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What is a grooving or plough plane?

What is a grooving, or plough, plane?

Shop for Woodworking Hand Planes

What it’s used for

Cutting a groove with a grooving plane

Narrow grooves

A grooving plane, or plough plane, is used to cut grooves in wood. Grooving planes are designed to take very narrow irons, some as little as 3mm (1/8″) across.

They are traditionally used for making grooves to fit drawer and box bottoms and cabinet backs, and in frame and panel construction.

Dadoes and grooves cut with a grooving plane


They are also used to cut dados (housings). A dado is a channel across the grain, whereas a groove is a channel along the grain.

A good example of a housing joint is where a dado is cut in the upright side of a shelf unit to accommodate the end of the shelf.

The twin irons of a tongue and groove plane

Tongue and groove

Before power machines took over, special grooving planes were used for cutting tongues and grooves for joining boards together.

Tongue and groove boards Tongue and groove is a method of joining two planks of wood together along their edges. A groove is cut along the centre of one edge, and a tongue is made on the mating edge. Sometimes the same plane can be set up for cutting either tongues or grooves; other tongue and groove planes come in pairs – one for making the tongues, the other for the grooves.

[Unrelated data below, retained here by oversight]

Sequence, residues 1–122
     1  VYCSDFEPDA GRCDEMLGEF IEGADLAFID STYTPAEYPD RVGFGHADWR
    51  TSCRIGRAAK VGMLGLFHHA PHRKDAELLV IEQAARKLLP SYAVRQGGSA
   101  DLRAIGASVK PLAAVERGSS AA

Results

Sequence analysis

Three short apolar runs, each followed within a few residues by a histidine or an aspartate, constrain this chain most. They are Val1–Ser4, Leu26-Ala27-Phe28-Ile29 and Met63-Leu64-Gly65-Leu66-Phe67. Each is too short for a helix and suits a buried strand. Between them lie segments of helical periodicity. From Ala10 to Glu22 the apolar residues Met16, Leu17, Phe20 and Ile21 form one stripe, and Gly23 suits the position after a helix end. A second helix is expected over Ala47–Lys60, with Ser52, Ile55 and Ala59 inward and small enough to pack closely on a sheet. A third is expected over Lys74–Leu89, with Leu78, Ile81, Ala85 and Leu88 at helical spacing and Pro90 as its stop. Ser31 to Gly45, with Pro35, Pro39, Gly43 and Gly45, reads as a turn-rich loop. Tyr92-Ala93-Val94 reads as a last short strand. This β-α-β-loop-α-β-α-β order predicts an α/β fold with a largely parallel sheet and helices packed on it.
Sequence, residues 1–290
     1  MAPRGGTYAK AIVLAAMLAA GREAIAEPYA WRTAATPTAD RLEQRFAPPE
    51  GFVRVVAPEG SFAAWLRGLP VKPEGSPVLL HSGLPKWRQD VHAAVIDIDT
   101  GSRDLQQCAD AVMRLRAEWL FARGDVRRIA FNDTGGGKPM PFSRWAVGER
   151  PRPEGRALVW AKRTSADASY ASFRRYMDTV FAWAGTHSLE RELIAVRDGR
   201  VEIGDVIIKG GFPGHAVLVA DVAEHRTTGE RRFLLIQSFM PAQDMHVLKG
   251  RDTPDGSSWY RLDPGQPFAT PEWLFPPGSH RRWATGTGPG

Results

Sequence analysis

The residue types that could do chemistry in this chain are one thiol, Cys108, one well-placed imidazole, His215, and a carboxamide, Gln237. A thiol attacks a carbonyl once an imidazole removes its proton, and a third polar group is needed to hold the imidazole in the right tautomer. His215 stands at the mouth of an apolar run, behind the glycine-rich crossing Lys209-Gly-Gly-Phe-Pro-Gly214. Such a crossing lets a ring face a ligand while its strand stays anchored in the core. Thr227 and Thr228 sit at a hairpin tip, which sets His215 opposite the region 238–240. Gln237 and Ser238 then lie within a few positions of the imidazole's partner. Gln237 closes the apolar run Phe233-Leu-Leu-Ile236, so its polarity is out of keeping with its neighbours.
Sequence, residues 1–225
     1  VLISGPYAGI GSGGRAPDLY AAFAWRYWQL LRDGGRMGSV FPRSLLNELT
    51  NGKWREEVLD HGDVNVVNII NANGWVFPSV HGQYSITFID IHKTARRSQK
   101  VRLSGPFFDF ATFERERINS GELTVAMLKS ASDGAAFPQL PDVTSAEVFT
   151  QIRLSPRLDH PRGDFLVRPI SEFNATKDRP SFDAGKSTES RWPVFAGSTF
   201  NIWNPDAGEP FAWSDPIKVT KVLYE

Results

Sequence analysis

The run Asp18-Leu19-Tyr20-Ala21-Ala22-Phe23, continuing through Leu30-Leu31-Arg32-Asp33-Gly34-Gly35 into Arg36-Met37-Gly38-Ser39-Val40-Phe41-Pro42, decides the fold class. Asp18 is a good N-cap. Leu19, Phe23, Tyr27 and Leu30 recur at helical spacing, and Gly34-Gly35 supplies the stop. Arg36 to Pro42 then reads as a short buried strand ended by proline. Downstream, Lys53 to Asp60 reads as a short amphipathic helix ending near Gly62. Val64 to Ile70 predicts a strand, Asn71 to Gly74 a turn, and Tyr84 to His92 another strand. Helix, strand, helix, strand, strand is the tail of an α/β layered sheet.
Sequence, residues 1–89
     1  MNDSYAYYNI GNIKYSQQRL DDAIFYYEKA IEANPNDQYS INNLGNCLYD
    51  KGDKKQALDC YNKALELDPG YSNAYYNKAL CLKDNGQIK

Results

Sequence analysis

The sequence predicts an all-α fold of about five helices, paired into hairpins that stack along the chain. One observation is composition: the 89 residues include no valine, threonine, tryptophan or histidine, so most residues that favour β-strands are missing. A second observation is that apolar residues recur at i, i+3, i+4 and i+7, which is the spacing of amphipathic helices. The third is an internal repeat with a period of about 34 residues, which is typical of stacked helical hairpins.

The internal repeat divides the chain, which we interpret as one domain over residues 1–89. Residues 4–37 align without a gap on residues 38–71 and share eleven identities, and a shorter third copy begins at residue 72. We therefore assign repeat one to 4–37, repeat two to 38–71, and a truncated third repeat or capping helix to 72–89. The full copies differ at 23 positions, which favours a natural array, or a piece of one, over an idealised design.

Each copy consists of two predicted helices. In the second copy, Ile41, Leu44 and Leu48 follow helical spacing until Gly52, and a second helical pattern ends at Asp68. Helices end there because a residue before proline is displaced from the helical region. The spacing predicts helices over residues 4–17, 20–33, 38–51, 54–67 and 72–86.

Grooving plane with irons of different widths

One plane cuts several widths

Many grooving planes – both metal and wooden – can accommodate irons of different widths, so the same tool can be used to cut grooves for a variety of applications, from drawer-bottom fitting to joints in shelf units and furniture.

Grooving plane fence; woodworking hand planes

Guide rails

They have adjustable guide rails, or fences, which slide along the edge of the wood being grooved, so that the cut is kept straight at a set distance from the edge.


No 43 grooving plane; specialised hand planes; woodworking planes Versions of the grooving plane made by Stanley were allocated Stanley model numbers, some of which are still used today by Stanley and other plane manufacturers. There are precious few new plough planes available today, but availability of second-hand ones on auction websites is excellent, including the No. 43.
No 48 tonguing and grooving plane; specialised planes; woodworking planes The No. 48 is for tonguing and grooving.

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